Controversy over Amazon’s blockbuster New York City headquarters may be the brightest lighting rod in the city’s world of real estate and commerce, but according to some players with an intimate knowledge of New York’s history, it doesn’t go without precedent.
“Last night I actually ordered a red carpet on Amazon and I’m going to carry it everywhere I go and roll it out whenever I meet one of the detractors of this deal,” joked New York Building Congress, President Carlos Scissura at a recent forum on construction and development hosted by Anchin.
“While I respect the fact that there should be dialogue, there should be process, there should be planning, communities should be involved, to just say ‘I oppose Amazon’ to me is ridiculous.”
According to Scissura, who delivered his comments as part of a panel convened to discuss how Amazon’s Long Island City-slated HQ2 and New York’s infrastructure fit together, he has the benefit of hindsight when it comes to controversy of the deal.
“As someone who lived through the Atlantic Yards fight for a decade, I always tell the story about the opening night of Barclay’s [Center], my former boss, Marty Markowitz and I went… and we saw so many of the opponents enjoying a Nets game,” said Scissura. “I was maybe a little shyer then, but [Markowitz] of course was not and he advised them what he thought of them being at the game after opposing it.
“I’m not able to repeat that language in an audience like this, but let’s just say it wasn’t pretty.”
Janno Lieber, Chief Development Officer of the MTA, and another panelist on the day, said that Amazon’s entry into New York City, which it estimates will add 25,000 new permanent jobs, represents more than just padded job statistics.
“I started working on economic development for New York in the 80’s and as long as I’ve been around, there’s been conversation on how to transition New York away from its dependence on financial services as part of our business model,” said Lieber. “The new knowledge economy, technology, really has taken root in New York… but nothing could be more transformational than having Amazon’s new HQ2.”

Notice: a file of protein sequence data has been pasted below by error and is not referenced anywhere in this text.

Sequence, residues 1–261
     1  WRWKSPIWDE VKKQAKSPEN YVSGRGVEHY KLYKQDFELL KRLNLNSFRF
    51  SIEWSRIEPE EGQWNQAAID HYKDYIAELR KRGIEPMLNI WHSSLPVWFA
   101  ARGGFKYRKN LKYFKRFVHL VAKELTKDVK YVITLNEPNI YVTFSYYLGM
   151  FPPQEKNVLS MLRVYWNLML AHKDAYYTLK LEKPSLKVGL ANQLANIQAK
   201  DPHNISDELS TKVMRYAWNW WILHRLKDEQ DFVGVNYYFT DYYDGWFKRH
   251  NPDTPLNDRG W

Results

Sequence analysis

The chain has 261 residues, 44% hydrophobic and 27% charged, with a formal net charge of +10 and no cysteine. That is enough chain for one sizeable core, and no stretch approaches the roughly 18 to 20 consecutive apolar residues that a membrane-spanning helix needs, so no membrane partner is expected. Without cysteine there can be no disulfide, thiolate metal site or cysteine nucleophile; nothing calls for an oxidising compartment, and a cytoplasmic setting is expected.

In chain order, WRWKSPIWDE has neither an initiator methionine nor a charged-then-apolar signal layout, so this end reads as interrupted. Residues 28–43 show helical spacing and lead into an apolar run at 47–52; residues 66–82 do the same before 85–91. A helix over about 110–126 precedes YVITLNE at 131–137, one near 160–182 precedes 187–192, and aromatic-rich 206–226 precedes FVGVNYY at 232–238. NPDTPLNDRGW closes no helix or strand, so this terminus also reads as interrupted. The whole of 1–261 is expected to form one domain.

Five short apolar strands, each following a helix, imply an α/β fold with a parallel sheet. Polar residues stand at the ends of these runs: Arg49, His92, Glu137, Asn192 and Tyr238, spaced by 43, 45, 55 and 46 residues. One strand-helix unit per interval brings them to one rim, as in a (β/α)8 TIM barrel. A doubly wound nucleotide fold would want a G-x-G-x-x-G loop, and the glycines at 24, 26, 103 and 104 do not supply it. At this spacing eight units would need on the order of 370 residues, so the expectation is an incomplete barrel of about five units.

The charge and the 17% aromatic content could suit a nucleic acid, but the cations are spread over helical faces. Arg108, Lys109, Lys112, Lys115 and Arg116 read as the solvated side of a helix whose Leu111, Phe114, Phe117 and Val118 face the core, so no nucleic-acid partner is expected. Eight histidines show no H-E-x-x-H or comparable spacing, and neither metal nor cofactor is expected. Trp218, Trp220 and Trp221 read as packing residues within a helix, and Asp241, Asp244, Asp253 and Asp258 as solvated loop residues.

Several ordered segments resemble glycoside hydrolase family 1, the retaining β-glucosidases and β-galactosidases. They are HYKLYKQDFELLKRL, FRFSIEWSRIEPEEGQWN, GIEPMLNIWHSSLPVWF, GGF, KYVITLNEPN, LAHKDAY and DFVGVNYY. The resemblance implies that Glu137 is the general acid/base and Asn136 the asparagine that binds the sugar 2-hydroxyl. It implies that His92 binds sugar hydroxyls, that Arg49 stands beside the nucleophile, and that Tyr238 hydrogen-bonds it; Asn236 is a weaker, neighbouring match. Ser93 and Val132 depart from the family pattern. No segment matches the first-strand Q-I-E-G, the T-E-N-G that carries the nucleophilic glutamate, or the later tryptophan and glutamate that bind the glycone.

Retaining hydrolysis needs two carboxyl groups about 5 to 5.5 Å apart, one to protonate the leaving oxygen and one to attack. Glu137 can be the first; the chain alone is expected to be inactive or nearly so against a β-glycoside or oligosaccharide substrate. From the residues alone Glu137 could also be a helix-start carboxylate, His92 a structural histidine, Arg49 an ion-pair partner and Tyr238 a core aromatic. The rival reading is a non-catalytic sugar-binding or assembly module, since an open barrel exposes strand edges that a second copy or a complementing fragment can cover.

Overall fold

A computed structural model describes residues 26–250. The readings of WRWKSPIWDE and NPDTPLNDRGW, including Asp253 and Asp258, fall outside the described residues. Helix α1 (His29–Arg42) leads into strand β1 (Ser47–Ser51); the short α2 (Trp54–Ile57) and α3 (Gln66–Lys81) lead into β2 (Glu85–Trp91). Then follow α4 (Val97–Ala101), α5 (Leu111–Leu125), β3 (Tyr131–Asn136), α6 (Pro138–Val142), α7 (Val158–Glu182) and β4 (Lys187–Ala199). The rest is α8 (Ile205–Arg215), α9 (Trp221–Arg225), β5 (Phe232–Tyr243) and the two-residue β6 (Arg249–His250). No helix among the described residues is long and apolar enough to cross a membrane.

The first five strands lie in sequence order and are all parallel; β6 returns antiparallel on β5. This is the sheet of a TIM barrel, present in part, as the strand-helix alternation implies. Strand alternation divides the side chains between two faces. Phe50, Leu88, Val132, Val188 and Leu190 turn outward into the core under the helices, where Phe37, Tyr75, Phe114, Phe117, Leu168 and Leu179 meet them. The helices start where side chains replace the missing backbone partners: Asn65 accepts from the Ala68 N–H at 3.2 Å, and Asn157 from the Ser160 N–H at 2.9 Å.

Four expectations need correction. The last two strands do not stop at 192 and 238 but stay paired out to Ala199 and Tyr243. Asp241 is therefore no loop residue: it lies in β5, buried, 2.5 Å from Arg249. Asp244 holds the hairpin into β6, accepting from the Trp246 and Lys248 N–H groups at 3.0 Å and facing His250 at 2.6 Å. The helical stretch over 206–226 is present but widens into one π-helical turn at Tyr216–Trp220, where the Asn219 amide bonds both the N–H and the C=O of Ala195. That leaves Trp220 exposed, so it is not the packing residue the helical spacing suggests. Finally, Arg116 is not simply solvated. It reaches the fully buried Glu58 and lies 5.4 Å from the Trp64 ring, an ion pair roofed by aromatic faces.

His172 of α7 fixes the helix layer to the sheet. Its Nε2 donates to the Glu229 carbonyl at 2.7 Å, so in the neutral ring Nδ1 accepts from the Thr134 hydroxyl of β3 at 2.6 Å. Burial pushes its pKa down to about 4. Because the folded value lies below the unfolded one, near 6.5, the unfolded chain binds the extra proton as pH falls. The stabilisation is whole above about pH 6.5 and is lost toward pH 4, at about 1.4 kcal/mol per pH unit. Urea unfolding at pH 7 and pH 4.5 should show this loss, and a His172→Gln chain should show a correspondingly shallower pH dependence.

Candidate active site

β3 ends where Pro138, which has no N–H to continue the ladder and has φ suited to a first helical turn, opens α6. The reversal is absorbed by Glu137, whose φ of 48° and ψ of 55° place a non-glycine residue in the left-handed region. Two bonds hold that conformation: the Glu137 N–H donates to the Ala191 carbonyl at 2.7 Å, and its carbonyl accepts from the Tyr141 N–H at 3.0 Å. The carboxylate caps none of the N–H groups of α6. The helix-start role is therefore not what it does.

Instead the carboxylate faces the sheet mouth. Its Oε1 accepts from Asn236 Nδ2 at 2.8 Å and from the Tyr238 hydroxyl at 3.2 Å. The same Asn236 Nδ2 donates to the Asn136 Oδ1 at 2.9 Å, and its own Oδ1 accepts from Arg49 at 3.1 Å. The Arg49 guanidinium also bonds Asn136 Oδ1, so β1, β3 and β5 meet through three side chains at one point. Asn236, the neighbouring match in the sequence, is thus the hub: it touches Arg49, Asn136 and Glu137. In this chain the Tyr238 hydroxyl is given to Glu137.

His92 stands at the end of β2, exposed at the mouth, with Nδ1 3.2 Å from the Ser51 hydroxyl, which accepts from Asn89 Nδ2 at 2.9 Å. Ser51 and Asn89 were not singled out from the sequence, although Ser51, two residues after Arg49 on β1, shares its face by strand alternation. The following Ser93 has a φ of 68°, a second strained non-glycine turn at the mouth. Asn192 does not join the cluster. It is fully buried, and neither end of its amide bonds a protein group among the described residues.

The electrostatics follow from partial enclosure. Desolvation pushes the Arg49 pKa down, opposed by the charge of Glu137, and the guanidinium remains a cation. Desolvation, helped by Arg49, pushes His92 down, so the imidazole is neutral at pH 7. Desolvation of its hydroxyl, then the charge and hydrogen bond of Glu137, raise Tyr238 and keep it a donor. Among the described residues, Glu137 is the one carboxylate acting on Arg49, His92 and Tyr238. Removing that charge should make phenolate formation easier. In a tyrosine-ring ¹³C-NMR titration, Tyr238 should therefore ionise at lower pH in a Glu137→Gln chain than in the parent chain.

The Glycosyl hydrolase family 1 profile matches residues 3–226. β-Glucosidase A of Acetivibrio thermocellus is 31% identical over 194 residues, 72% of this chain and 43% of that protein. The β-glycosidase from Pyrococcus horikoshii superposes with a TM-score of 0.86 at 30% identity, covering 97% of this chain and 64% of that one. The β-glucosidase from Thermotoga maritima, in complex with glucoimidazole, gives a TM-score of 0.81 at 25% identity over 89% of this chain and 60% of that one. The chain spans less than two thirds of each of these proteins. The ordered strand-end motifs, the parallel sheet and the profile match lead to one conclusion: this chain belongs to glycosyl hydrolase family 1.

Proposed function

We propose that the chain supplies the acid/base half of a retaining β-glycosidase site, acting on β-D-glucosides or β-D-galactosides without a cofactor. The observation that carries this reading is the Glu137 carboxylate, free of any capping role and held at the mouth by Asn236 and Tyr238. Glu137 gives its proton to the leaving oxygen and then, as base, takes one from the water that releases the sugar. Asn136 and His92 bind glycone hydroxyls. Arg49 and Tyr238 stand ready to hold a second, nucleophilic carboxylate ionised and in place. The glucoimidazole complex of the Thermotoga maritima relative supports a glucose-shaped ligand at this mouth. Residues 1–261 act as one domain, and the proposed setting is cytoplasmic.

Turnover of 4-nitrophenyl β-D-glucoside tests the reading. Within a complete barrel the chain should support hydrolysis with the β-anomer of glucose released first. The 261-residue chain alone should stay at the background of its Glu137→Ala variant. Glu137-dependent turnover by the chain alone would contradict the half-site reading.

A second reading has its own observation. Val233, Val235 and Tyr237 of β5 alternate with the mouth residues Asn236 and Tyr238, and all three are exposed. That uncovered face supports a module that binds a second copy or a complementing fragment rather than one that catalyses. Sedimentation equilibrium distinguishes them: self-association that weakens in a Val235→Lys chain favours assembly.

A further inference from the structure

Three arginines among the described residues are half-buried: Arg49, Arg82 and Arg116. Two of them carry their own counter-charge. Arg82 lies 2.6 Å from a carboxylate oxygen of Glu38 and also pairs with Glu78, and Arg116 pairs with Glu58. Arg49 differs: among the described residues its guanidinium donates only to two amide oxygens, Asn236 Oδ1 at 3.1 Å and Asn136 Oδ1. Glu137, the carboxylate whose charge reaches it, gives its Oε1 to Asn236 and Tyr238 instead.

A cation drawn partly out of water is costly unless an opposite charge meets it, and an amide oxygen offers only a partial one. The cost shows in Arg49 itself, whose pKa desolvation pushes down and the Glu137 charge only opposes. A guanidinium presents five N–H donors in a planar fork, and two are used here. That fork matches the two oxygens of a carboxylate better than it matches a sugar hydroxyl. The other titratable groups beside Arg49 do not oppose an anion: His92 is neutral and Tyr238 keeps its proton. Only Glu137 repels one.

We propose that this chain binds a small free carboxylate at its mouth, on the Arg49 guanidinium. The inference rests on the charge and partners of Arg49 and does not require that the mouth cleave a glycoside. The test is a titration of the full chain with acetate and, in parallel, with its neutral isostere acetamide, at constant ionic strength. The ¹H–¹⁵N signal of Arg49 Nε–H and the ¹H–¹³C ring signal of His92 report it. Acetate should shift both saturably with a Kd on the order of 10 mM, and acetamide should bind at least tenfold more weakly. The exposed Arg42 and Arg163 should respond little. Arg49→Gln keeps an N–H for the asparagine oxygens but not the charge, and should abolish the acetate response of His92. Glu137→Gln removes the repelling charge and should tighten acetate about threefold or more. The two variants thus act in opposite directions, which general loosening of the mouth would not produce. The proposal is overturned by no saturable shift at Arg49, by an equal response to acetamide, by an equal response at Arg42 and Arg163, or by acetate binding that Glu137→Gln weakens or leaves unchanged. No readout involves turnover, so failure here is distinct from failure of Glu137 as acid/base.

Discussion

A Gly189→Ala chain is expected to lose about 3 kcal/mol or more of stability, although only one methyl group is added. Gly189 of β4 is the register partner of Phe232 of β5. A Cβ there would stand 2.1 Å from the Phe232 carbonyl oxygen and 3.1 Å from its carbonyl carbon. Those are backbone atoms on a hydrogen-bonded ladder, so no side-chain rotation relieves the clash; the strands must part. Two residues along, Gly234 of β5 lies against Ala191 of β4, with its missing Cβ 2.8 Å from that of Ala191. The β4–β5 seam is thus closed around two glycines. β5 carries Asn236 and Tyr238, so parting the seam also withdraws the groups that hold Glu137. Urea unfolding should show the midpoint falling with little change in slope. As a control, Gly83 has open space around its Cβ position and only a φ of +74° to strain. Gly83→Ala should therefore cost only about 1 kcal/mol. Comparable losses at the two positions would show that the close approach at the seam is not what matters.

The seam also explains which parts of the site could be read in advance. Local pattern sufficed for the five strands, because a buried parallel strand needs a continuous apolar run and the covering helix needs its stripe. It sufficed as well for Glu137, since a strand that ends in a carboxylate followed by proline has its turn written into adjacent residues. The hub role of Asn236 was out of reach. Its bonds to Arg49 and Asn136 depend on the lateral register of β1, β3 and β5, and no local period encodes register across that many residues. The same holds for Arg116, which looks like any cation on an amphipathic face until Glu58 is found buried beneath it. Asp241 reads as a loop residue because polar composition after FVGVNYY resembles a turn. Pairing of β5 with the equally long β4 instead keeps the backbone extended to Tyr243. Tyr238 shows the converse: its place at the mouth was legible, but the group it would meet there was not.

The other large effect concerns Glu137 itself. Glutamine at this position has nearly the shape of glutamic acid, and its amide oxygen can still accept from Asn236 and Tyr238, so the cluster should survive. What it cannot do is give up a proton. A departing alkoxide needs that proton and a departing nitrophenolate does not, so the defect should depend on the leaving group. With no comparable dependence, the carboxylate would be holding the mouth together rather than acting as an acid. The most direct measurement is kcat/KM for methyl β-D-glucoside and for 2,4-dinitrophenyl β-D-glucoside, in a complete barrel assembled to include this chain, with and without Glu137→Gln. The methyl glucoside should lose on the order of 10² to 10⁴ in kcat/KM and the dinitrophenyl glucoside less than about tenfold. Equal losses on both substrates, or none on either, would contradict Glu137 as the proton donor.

“It’s off-topic for the MTA guy, but the issue has to be looked at in that context — how do we establish a long-term identity outside of the financial services,” said Lieber.
With the prospect of new jobs, however, has come added scrutiny over the capacity of New York’s infrastructure.
In addition to the economic incentives offered up by the city — around $3 billion — critics of Amazon’s new headquarters plan for New York have pointed out that the mega e-tailer should be doing more to help bolster the city’s ailing infrastructure.
The concerns of critics culminated recently in a report by The Washington Post that officials in the company are having cold-feet about setting up shop in New York for fear that their time and investment will be felled by opposition.
Lieber said that despite the perception of New York’s public transit system, particularly the subway system which has been racked with delays, under-investment and costly updates, the city’s underground is equipped for the capacity.
“When people say ‘we don’t have the capacity transportation wise’ it’s wrong,” he said. “We’ve analyzed the hell out of it and there is capacity…”
The problem, said Lieber, wouldn’t be people commuting from Manhattan — the 7 train takes care of that — it would be that for people commuting within Queens, Long Island City is in-effect “out-of-bounds” without ready access to transit.
To help bolster connectivity between north and south Queens and also much of Brooklyn, infrastructure advocates have lobbied for the construction of the Brooklyn Queens Connector, BQX, which would build a streetcar from Red Hook in Brooklyn all the way to Astoria, Queens.
In early February, New York City Mayor, Bill De Blasio awarded a $7 million contract to begin studying the impacts of building the BQX.
“We talk about government and some of the regional agencies being slow to change a little bit — that we don’t think outside our boxes as much as we should. Bringing this kind of thinking, this forward type of industry into this region is going to have a trickle-down effect on all of us,” said Mary Murphy, Director of Planning and Regional Development for the Port Authority of New York and New Jersey.
“It’s challenging the Port Authority to think about how do we invest in core technologies to make sure our systems work better.”
Whether New York’s transit systems are in need of serious updates or not, they may still be enough to tip the balance in the city’s favor.
Ali Chaundhry, chief development officer of American Council of Engineering Companies of New York, said, “It’s about the transportation system. We are a multi-modal city in a multi-modal state. It’s not always pretty and it doesn’t always work to everyone’s satisfaction, but it’s still the best system on the planet and the Amazon deal is a recognition of that.”